Career skills training

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career skills training
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With the Dental Board’s current CPD cycle at the halfway point, and bearing in mind what we’ve learnt living through a pandemic, now is the time to re-evaluate the approach to career skills training. By John Burfitt

When the latest Dental Board of Australia (the Board) continuing professional development (CPD) cycle began in December 2019, no-one could have predicted how much the dental profession, not to mention the world, would change only months later with the COVID-19 pandemic.

While the Board encourages dentists to complete CPD units each year of the three-year cycle, in 2020 the organisation acknowledged in a range of statements that upskilling and new education might be the last thing on dentists’ agendas during the crisis.

With the worst of COVID-19 seemingly now behind us as new vaccines and measures are rolled out, and with the current CPD cycle at the halfway point, Australian dentists are being encouraged to resume their focus on their CPD in the cycle’s remaining 18 months.

To meet registration standards, the Board outlines a minimum of 60 hours must be completed over the three-year cycle, with a minimum of 48 hours spent on clinical/scientific activities, and a maximum of 12 hours on non-scientific activities.

In the wake of the various upheavals imposed by COVID-19 throughout the community, the choice of new areas of learning and study by dentists in 2021 might be very different.

“So many things have changed, as has the way many people approach dentistry,” Dr Alex Holden, senior lecturer and community dentistry specialist at the University of Sydney’s Dental School, says.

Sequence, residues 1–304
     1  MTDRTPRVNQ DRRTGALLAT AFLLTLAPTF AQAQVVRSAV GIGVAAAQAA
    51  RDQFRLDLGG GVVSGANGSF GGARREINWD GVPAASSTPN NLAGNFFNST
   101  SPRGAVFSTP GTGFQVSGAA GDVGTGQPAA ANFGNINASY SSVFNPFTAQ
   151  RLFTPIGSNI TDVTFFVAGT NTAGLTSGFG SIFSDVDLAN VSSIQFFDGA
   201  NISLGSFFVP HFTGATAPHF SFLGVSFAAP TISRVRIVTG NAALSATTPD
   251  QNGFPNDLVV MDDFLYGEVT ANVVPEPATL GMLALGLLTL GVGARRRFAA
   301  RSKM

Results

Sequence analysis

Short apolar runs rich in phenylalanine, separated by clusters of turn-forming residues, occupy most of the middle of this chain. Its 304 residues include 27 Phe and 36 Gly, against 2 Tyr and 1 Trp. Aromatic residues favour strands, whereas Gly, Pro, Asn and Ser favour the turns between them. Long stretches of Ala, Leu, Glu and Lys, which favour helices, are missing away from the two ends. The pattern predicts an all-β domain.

“Now is a good time to think through what you went through over the past 12 months, especially when you wondered about what you wanted to know more about in terms of your patients’ needs. That’s a good starting point for choosing the next round of CPD.”

Infection Control

With the highest priority having been put on hygiene procedures throughout the world, learning about the latest developments in dental infection controls should be high on the CPD agenda, Dr Holden says.

“Making sure you’re up to date on all areas of infection controls is best practice, especially if any of it has changed during the pandemic and what that might mean into the future,” he explains. A thorough understanding of the many elements of infection control is not only essential for dentistry, it’s also an area many patients have become increasingly concerned about through the pandemic.

“I believe our profession already takes infection control responsibilities very seriously, but completing a new course in this to bring you up to date, or even just to remind you of all the protocols, demonstrates to our patients they’re in safe hands, and their wellbeing—as well as our own—is paramount.”

Referral analysis

Keeping track of referrals made over the past 12 months can be a smart approach to practice finances as well as a good guide for future choices in CPD, Dr Phillip Palmer, of dental consultancy Prime Practice, says.

He recommends a comprehensive record be kept of all the work referred out, along with a measure of the value that work represents. Those figures could then possibly guide a practitioner in determining how much of that work could, with the right CPD training, be completed in-house instead